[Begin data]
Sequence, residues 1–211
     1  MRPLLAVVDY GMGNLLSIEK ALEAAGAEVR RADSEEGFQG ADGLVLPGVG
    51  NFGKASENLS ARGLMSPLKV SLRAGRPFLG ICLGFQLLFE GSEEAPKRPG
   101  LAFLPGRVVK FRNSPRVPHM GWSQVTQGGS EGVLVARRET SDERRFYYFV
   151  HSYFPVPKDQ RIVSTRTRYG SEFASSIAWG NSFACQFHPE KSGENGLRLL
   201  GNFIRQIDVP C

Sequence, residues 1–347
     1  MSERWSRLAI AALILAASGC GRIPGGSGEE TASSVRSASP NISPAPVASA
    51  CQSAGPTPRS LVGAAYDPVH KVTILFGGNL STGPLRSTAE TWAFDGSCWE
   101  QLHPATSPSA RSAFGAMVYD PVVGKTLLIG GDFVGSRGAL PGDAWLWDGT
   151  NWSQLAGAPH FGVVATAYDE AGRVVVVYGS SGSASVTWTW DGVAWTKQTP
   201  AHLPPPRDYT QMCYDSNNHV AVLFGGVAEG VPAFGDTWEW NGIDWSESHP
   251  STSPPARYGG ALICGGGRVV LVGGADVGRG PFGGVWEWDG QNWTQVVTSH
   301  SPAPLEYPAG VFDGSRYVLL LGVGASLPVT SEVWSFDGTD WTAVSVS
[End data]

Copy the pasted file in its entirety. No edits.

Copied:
Sequence, residues 1–211
     1  MRPLLAVVDY GMGNLLSIEK ALEAAGAEVR RADSEEGFQG ADGLVLPGVG
    51  NFGKASENLS ARGLMSPLKV SLRAGRPFLG ICLGFQLLFE GSEEAPKRPG
   101  LAFLPGRVVK FRNSPRVPHM GWSQVTQGGS EGVLVARRET SDERRFYYFV
   151  HSYFPVPKDQ RIVSTRTRYG SEFASSIAWG NSFACQFHPE KSGENGLRLL
   201  GNFIRQIDVP C

Sequence, residues 1–347
     1  MSERWSRLAI AALILAASGC GRIPGGSGEE TASSVRSASP NISPAPVASA
    51  CQSAGPTPRS LVGAAYDPVH KVTILFGGNL STGPLRSTAE TWAFDGSCWE
   101  QLHPATSPSA RSAFGAMVYD PVVGKTLLIG GDFVGSRGAL PGDAWLWDGT
   151  NWSQLAGAPH FGVVATAYDE AGRVVVVYGS SGSASVTWTW DGVAWTKQTP
   201  AHLPPPRDYT QMCYDSNNHV AVLFGGVAEG VPAFGDTWEW NGIDWSESHP
   251  STSPPARYGG ALICGGGRVV LVGGADVGRG PFGGVWEWDG QNWTQVVTSH
   301  SPAPLEYPAG VFDGSRYVLL LGVGASLPVT SEVWSFDGTD WTAVSVS